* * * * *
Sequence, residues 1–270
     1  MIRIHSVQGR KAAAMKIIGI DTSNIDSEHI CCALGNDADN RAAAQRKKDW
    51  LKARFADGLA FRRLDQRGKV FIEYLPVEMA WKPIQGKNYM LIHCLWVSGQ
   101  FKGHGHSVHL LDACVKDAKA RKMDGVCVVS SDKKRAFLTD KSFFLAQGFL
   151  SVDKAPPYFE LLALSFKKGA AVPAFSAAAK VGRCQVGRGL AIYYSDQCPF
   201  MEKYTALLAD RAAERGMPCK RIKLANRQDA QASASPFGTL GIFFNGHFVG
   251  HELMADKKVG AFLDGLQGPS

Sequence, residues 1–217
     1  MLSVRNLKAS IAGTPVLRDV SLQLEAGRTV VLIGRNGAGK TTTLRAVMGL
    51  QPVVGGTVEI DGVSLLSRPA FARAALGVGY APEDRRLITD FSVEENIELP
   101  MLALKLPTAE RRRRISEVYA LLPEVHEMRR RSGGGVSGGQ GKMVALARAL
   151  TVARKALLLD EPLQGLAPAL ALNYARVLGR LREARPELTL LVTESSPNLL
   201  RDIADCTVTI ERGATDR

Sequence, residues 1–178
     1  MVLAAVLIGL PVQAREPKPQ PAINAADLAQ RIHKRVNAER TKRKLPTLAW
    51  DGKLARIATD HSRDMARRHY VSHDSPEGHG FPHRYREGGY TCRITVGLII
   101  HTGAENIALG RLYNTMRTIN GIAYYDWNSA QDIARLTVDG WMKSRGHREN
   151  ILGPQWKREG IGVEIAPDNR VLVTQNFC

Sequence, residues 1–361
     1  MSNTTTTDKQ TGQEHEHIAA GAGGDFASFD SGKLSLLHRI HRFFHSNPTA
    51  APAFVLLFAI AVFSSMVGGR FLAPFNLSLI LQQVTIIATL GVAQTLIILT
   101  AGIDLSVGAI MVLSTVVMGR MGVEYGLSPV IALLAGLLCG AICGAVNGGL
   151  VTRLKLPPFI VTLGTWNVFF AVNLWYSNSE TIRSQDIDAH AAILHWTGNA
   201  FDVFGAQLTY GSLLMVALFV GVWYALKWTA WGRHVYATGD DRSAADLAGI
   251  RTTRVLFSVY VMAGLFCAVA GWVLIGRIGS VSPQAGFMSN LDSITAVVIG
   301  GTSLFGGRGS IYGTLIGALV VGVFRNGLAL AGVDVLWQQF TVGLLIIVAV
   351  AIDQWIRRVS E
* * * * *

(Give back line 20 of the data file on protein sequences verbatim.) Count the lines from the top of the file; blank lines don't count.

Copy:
     1  MSNTTTTDKQ TGQEHEHIAA GAGGDFASFD SGKLSLLHRI HRFFHSNPTA